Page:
Observation of Current Filaments in IGBTs with Thermoreflectance Microscopy


摘要:在本文中,我们首次通过实验测量了igbt中重复短路(SC)事件下的current filaments现象。这些current filaments现象是通过反射率热成像系统 (TRM)发现的。对两种不同焊接方式的15A-1200V IGBT芯片进行了破坏电流的测定。重复的 SC 事件与 TRM 测量相结合,表明在不同 VCE 下存在大范围的非破坏性current filaments现象。在支持基于多单元 IGBT 结构的 TCAD 器件模拟中,观察到短路条件下类似的现象形成。 他们具有与 TRM 测量的当前current filaments现象相似的尺寸。



In previous works, several authors have shown short-circuit destruction limits and the improvement potential of the SC- SOA for IGBTs of different voltage classes with a minimum current destruction limit at about 50 % of the rated voltage [1- 4]. These observations were linked to the effect of current crowding at the collector side of the IGBT. Moreover, different failure modes like failure during the SC pulse and during SC turn-off were also related with the current crowding effect in IGBTs. Up to now, direct experimental evidence for the appearance of the current filaments in IGBTs during short- circuit is missing.

In this work, we investigated the behavior of the current filaments using CCD-based thermo-reflectance microscopy [5]. Under different voltage and current conditions, thermo-reflectance measurements were performed to observe the change in temperature on the top of the IGBT metallization.


In general, the complex refractive index of a material changes with temperature, and the thermo-reflectance coefficient Cth simply represents the linear change in optical reflectance of a surface due to a change in temperature (ΔT) [5]:

Here, Cth is the thermo-reflectance coefficient, R is the reflective intensity in (J/m2), T is the temperature in (K) and    λ is the wavelength in (m).

The stroboscopic imaging was used to create time-resolved image data with temporal resolution down to 50 ns. The device is turned ON for a certain period of time at a certain duty cycle, and the CCD exposure time is also set by the user as shown in Fig. 1(a). Nearly all the light reaching the CCD will come from the LED pulses which are offset by a specific time delay relative to the device excitation, and a CCD image is generated as the sum of the LED pulses inside a single CCD exposure window. The timing diagram in Fig. 1(a) shows how the time-resolved image data is collected by pulsing the device excitation and LED probe light with a controllable relative time delay.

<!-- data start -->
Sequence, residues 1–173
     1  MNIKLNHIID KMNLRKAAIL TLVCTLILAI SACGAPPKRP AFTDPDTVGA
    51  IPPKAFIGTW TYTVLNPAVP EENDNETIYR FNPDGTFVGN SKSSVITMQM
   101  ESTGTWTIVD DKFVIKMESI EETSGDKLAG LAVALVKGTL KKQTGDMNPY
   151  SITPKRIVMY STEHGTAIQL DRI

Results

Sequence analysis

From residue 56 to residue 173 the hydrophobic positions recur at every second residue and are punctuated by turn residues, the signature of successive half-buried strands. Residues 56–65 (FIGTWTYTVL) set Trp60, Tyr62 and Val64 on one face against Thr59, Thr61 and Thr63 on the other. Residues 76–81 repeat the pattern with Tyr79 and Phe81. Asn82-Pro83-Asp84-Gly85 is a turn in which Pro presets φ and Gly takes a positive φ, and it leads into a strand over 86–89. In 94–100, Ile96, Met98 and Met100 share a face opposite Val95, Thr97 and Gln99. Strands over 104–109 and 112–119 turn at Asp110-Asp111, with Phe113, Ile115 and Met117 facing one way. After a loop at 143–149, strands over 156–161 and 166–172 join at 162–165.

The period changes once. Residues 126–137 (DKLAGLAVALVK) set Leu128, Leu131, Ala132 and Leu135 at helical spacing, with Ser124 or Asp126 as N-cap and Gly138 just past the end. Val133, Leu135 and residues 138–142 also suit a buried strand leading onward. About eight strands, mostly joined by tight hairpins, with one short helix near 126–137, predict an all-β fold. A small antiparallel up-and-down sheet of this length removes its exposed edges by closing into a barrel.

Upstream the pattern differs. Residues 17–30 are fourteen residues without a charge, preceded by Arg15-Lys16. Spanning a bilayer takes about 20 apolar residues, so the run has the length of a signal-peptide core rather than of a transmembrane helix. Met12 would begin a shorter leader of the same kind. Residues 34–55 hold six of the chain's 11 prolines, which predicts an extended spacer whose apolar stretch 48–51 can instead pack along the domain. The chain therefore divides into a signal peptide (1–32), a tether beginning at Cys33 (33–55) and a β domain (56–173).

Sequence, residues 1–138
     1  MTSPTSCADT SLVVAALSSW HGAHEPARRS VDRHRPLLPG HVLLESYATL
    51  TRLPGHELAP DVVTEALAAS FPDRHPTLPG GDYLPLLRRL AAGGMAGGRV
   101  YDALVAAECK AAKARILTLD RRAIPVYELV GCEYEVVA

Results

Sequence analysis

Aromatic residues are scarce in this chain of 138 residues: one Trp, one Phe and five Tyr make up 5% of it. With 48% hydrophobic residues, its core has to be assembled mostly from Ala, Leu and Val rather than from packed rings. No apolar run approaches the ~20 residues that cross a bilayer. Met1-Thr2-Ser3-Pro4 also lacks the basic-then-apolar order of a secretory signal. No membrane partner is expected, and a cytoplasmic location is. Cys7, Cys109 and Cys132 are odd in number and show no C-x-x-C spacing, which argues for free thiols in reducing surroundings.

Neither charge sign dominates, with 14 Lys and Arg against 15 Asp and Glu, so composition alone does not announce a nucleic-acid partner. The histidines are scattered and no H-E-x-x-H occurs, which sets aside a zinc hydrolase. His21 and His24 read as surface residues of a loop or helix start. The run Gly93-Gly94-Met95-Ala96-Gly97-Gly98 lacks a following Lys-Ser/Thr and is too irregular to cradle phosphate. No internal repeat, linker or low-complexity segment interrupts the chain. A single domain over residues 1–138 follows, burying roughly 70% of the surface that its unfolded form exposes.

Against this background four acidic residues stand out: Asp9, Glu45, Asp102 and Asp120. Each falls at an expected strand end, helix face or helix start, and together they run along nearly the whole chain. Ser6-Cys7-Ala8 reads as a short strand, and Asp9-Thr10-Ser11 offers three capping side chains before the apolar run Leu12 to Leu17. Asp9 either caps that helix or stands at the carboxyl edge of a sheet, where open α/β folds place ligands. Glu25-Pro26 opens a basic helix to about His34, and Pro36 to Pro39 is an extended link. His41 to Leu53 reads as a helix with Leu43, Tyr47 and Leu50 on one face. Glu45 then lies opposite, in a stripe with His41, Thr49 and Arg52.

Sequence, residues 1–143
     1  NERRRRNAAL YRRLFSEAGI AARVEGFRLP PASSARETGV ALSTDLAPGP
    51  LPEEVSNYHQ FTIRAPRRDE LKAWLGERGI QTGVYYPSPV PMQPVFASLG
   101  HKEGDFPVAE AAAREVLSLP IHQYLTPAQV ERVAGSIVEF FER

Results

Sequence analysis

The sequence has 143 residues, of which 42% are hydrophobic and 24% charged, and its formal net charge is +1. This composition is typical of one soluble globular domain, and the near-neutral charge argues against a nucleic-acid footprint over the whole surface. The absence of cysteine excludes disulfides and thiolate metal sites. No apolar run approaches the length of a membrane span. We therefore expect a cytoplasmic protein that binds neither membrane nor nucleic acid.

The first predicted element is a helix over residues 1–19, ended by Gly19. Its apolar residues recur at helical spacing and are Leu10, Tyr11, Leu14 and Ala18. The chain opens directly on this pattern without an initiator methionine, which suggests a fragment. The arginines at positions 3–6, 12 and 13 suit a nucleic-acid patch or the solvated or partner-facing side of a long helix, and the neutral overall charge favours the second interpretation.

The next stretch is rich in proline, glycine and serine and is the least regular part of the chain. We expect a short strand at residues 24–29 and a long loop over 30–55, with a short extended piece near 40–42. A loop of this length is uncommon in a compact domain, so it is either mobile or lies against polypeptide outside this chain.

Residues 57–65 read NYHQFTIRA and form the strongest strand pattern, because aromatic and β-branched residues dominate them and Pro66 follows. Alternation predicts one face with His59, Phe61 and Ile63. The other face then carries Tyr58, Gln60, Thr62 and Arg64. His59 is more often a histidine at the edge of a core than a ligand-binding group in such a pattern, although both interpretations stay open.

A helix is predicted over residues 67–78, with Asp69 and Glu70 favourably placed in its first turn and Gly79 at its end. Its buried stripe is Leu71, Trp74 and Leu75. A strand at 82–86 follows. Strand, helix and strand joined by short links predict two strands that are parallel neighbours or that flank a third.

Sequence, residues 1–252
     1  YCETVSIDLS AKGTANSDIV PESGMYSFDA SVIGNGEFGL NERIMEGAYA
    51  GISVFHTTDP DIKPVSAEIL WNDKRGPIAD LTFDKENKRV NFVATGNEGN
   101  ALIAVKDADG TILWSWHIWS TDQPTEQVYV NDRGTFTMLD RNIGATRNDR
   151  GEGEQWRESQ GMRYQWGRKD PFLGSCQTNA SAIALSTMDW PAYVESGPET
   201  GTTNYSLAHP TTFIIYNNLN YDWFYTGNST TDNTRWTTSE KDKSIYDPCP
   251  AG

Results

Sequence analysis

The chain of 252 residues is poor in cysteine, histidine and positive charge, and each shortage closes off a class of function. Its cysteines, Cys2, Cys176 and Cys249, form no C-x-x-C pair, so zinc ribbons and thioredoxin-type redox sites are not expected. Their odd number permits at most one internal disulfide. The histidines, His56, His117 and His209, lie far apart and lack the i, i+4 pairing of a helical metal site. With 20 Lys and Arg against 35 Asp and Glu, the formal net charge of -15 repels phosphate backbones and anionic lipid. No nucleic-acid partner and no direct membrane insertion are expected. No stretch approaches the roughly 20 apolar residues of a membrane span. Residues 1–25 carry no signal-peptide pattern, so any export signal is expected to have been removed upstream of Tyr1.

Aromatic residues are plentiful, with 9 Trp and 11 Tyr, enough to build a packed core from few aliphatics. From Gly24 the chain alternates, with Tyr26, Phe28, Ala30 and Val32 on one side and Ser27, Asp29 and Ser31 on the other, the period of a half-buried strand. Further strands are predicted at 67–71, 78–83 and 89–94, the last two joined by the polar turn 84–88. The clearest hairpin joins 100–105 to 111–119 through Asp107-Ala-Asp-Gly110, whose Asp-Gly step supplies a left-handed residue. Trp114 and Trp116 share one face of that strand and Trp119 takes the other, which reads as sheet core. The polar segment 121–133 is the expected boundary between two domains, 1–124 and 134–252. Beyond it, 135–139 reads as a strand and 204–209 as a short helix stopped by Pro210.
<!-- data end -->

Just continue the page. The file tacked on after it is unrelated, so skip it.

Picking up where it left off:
Fig. 1(a) Timing diagram showing how the t = 0 data point is collected (b) Timing diagram showing how the t > 0 data point is collected for heated device (c) Acquired temperature data points with respect to time.

Fig. 1(b) and (c) show how the temperature data points were acquired by shifting the time delay after each cycle to achieve time resolution, limited only by how tightly the pulse of the LED probe light was set. To create a two-dimensional transient thermo-reflectance image, a reference CCD image with LED pulse delay t = 0 was collected, followed by recording a CCD image at t > 0. Then, a sub-pixel image registration algorithm was applied to a subset of the CCD images to align the t > 0 image to the reference. After this, the registered t > 0 images were subtracted from the t = 0 reference image. This process with recording pairs of t = 0,      t > 0 images was continued as a running average to suppress noise to an acceptable level. In this way, the software automatically stepped through user-designated time delays and averaging times to collect a full time-domain image set, from the moment the device was turned on, to the time period after the device switched off and was cooling down.